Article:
A few beta readers for my upcoming book, An Obesity of Grief, have offered me a new perspective of the events that followed the death of my husband in 1983; a point of view I’d never considered, either while I was going through the worst of my grief or while I wrote the book.
“Where were the adults?” they asked. “Why did no one take care of you?”
A bit of background for those of you who are new to my story. My husband died in a tractor-train collision on a Tuesday morning in March 1983. He was 24, I was 19, and our daughter was 11-days old. I lived on a farm two-hundred miles away from my parents and siblings (ages 29, 27, 16 and 8), and they all came to see me as soon as they heard the news. The funeral was on Friday, and on Sunday, everyone went home. The following week, I learned from my husband’s family that I had three weeks to move off the farm.
From their 2023 perspective, the beta readers said that if their child’s spouse died, and whether or not they had children, they would stay with them longer than five days. They would nurture and comfort and do all the Mom things their child needed for as long as necessary.
From a 1983 perspective, though, the way everything played out after the funeral seemed perfectly normal. My family had their own lives to get back to, and the farm was a working farm and I was not a farmer.
But I was an adult, and people treated me like an adult. (Well, for the most part. If you read my book, you’ll learn how certain decisions that should have been mine to make were made for me.)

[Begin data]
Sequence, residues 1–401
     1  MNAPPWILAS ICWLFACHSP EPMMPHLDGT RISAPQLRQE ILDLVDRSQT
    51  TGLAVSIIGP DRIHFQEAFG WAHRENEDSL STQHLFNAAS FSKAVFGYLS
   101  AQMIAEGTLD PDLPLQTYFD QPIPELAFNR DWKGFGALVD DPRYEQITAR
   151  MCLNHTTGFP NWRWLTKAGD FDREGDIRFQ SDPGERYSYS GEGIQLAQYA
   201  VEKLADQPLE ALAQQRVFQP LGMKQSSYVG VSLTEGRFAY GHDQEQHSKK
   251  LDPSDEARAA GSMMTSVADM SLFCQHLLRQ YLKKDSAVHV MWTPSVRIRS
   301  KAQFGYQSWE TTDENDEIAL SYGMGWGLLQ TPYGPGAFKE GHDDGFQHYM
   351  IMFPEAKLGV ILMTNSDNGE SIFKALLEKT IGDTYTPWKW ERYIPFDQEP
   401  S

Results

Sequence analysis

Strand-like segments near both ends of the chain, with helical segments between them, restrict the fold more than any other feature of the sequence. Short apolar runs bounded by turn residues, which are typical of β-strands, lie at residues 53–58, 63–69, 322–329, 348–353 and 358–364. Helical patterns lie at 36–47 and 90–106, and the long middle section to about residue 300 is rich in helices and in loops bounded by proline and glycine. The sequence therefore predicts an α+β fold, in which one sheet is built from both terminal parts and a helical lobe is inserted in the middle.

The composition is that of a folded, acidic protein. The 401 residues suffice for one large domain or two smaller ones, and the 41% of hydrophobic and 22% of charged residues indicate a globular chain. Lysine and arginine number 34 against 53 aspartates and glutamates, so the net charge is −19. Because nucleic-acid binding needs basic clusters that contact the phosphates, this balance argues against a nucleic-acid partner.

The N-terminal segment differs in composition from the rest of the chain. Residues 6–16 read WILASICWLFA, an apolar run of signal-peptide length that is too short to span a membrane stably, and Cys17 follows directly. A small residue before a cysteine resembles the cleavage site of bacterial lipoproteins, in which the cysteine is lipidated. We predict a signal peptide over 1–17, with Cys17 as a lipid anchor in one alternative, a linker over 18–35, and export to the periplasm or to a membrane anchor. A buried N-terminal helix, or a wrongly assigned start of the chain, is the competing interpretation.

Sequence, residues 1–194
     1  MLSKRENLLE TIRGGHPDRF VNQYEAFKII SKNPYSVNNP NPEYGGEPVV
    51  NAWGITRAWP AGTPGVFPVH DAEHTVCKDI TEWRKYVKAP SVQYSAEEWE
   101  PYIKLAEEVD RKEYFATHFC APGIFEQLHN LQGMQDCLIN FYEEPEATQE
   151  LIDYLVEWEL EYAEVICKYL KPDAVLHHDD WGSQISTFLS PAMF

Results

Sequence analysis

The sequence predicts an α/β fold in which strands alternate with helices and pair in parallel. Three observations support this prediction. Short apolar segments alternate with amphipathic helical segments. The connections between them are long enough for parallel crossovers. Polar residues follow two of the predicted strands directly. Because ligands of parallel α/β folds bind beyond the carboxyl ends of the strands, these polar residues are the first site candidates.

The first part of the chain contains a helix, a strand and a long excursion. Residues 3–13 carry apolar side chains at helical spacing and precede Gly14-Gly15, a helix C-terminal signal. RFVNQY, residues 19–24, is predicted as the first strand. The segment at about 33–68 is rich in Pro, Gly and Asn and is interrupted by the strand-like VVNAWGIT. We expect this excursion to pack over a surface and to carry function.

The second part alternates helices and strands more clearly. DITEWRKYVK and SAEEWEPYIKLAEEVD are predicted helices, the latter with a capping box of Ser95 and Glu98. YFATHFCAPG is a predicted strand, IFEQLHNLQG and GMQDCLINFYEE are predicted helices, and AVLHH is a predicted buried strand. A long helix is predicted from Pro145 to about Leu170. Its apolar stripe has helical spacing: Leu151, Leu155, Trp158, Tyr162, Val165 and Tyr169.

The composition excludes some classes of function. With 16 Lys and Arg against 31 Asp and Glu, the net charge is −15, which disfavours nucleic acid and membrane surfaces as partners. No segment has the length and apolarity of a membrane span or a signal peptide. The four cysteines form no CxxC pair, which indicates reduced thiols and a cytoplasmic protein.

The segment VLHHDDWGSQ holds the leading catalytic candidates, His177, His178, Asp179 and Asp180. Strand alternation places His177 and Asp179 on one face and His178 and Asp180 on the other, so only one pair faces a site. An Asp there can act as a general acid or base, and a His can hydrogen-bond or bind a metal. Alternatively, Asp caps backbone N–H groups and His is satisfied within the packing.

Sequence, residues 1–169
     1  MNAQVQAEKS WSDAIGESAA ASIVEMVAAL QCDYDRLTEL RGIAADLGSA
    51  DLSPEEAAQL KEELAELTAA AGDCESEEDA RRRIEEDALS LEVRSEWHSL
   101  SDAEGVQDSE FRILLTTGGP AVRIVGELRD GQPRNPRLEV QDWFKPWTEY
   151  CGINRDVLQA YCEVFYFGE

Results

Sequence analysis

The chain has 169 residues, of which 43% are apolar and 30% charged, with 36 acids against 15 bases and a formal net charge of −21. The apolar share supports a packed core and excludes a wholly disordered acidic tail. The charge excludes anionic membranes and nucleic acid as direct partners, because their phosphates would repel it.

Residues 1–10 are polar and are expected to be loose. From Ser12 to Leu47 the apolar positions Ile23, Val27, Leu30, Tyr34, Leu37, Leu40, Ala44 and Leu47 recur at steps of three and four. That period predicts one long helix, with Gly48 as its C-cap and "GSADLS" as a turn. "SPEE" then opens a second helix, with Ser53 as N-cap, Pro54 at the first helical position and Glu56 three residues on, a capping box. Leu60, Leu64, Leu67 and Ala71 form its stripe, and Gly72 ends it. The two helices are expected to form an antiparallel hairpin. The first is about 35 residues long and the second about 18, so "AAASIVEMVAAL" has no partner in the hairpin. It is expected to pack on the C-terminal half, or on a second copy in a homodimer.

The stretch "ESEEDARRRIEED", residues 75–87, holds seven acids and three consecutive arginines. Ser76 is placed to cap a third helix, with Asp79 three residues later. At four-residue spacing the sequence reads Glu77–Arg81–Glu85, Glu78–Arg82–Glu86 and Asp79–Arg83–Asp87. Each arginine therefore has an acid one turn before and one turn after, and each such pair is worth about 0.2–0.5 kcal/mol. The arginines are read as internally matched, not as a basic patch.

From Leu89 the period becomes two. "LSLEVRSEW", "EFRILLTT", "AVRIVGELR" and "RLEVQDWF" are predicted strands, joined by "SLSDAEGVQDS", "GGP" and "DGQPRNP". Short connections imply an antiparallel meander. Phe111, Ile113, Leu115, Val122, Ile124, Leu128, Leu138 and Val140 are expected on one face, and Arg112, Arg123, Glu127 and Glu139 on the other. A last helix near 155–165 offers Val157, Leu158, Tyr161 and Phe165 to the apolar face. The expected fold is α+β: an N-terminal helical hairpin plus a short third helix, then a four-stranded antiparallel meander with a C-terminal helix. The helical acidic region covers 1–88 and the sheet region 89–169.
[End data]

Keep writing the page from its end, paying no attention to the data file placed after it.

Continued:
Bruce’s parents and my parents were born in the 1920s and 1930s respectively. They were raised the same way they raised their children: grow them up to be responsible adults. And by god, that’s what they did, the best way they knew how. At 18, we were on our own (and out of the house). Sure, they helped out once in a while, but there was little in the way of coddling.
Considering the question, “Where were the adults?” I think that, today, more parents, siblings, and friends would stick around more than a few days after the funeral. They’d check in more often. Keep an eye out, comfort, listen, and allow more space and time for their loved one’s grief than was offered years ago. After all, what did we know about grief in 1983 other than it was something everyone went through at some point and got over, and in a reasonable amount of time.
Thankfully, our understanding of grief has grown, as has our capacity for compassion. Not everyone, but many more people now are willing to acknowledge and address another person’s sorrow, and do it in a more informed manner.
I wonder all the time what people will take away from my book. Along with offering hope that grief and love can live in the same space, I also hope readers will ask themselves, “How would I respond if my child/friend/sibling experienced that type of loss?” and offer an understanding nod to “the way things were” in 1983.
3 thoughts on ““Where were the adults?”: A 2023 Perspective on 1983”
This makes my heart sad. And I hadn’t even thought of it when I read your book, I was just focused on how you were getting by and accepting the culture in your two families at the time. I never thought about how I would have reacted had it been my daughter. I have, however, thought about some of the things my mother did to/about me that I wouldn’t dream of doing to any of my kids. They were of a generation, yes, but I am grateful that we have evolved past our parents in that regard.
1983 was a different time.